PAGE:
The Syrian Hackers Are Winning. Here’s Why.

Syrian Electronic Army homepage

Readers who clicked on Outbrain-recommended stories on the Washington Post site were redirected to the Syrian Electronic Army’s homepage.

Screenshot / Syrian Electronic Army homepage

Syrian hackers struck again Thursday in a clever attack that affected the websites of the Washington Post, Time, CNN, and possibly other major media outlets. Readers who clicked on certain stories were reportedly directed to the Syrian Electronic Army’s homepage.

What looked at first like a targeted attack on the Post now appears to have been both more subtle and more widespread. Rather than simply hitting the Post or other media sites directly, the hackers apparently infiltrated the servers of Outbrain, a third-party service used by the Post, Time, CNN, Slate, and many other sites across the Web to recommend stories to their readers. The attack is the clearest signal yet that the Syrian Electronic Army, or SEA, has graduated from hijacking media outlets’ Twitter feeds to more serious and complex hacks. And it comes a day after a self-described SEA leader told the Daily Beast that the group was stepping up its attacks in retaliation for Twitter’s efforts to keep it off the microblogging site.

The attacks came a day after the New York Times’ website suffered a two-hour outage due to what the paper’s officials believe was an unrelated internal problem. There’s no evidence the SEA was involved.

In contrast, the SEA immediately claimed responsibility via Twitter for Thursday’s attacks:

Outbrain confirmed the hack and said it had pulled its recommendations from sites across the Web until it could fix the problem. It seems the Post was also targeted directly, as the paper’s managing editor reported that newsroom employees had been hit with SEA phishing attacks earlier in the week. So far it does not appear that the attacks inflicted permanent damage—but they pose plenty of cause for concern.

Over the past year, the Syrian Electronic Army has hit a virtual who’s-who of major media outlets, from Reuters to NPR to the Onion, mostly via email phishing attacks that trick employees into giving up their social-media credentials so that the SEA can hijack their Twitter feeds. The most notable example came in April, when the group used the Associated Press Twitter account to send out false reports of an explosion at the White House, sending a shockwave through the stock market. Here’s the phishing email that hooked AP employees.

That’s probably about the most damage you could hope to cause simply by hijacking a Twitter feed. But today’s Outbrain attack was different, and potentially more insidious, with the group apparently infiltrating the company’s servers to gain access to its administrative panels. Writing for the blog E-Hacking News, security researcher Sabari Selvan reported that he had interviewed one of the hackers involved:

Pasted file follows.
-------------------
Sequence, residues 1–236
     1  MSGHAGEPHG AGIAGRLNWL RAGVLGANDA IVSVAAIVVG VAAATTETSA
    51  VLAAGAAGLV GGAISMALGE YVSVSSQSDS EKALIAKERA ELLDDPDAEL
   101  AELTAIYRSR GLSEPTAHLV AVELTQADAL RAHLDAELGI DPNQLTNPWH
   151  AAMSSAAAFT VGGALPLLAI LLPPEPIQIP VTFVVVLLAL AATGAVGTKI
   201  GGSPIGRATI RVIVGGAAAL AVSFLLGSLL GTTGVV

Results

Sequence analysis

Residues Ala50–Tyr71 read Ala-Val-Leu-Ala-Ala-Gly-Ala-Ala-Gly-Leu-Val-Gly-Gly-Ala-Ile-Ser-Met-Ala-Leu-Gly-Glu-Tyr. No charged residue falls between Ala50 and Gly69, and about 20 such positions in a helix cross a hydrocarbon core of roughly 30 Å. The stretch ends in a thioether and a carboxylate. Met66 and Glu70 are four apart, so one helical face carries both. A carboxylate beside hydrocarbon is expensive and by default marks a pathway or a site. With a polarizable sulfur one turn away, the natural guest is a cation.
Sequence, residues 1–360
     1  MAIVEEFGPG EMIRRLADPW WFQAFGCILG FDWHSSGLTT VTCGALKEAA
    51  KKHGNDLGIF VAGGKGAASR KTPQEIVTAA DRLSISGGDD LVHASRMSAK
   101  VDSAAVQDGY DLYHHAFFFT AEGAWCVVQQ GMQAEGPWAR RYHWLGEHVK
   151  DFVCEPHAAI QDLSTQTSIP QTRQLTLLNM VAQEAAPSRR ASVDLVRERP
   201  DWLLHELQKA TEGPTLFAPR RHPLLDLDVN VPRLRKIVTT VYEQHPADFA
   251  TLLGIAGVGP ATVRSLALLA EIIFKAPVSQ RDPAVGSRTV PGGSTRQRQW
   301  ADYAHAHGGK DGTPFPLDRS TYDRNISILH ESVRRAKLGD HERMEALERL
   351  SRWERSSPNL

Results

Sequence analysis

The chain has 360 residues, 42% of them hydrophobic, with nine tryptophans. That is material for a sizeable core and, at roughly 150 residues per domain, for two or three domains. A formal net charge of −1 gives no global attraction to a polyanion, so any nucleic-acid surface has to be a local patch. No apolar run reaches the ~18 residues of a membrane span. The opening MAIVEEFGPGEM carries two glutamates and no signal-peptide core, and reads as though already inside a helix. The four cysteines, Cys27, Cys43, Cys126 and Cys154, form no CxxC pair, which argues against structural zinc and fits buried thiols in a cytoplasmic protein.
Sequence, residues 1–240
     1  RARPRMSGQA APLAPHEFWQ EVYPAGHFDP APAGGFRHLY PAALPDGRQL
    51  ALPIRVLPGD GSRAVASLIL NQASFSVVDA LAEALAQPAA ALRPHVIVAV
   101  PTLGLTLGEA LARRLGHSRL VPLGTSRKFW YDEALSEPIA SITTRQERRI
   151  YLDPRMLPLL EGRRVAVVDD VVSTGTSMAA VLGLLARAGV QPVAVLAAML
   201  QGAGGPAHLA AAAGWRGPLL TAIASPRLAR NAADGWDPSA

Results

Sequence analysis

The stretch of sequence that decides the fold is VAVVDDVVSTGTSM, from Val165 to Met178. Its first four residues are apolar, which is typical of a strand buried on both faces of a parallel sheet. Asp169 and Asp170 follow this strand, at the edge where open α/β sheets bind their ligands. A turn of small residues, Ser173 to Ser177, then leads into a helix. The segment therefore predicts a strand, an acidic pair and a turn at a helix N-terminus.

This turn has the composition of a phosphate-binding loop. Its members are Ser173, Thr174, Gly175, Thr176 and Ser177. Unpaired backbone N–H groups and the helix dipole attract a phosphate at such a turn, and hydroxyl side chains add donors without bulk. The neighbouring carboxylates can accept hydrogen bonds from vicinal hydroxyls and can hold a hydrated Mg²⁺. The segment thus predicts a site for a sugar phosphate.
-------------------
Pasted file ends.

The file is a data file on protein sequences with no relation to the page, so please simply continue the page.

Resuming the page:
Speaking to E Hacking News, [the] hacker said that the admin panel of Outbrain is hosted in the local server.  However, they managed to login into the panel with the help of VPN and access panel.  The group also told EHN that they have compromised emails of Outbrain.

That’s consistent with a story in The Register earlier this month, which reported that the group’s hacks have grown more sophisticated of late, and the targets have branched out from news websites to online telephone directories and voice-over-IP apps. Today’s Outbrain attack is indicative of an even more recent focus on third-party services widely used by U.S. media outlets. Earlier this week the SEA hacked Socialflow, a social-media content-management service.

Just yesterday, the Daily Beast’s Brian Ries interviewed a self-described SEA leader who claimed the group was stepping up its attacks in response to Twitter’s takedown of its official feed. From the Daily Beast:

“Our account has been closed 15 times,” the hacker said in an interview conducted over the hackers’ medium of choice, Twitter. “We warned that we will hack the Twitter accounts of the mass media if Twitter closed our accounts again. They closed our accounts, and so we have implemented the threat.”

The Syrian Electronic Army’s main goal, the hacker told Ries, is to show the world the “truth” about Syria—that “there is no revolution in Syria, but [only] terrorists groups killing people accusing Syrian Arab Army.”

So far the attacks seem more likely to simply annoy people than convince them of the group’s point of view. But they highlight the rather startling vulnerability of even the biggest-name media websites to cyberattacks. And in theory, the type of access that the SEA gained to Outbrain’s servers today could have be used to wreak more serious havoc on other Web services in the future.

For now the damage seems to have been contained. Outbrain reported in an update that “the breach now seems to be secured and the hackers blocked out, but we are keeping the service down for a little longer until we can be sure that it’s safe to turn it back on securely.”

Over the years, major banks, Internet companies, and governmental organizations have gotten much better at defending themselves against cyberattacks. But the SEA’s string of successful hacks shows that the same isn’t necessarily true of major media organizations, nor the mid-sized tech, media, and communications startups that many larger companies rely on for various services. That’s understandable—these companies are busy running their core business and would prefer not to expend time and money building in security redundancies and putting their employees through a battery of anti-phishing exercises. But today’s attacks show that the SEA recognizes this, and they’ll continue to exploit it until or unless these companies adapt.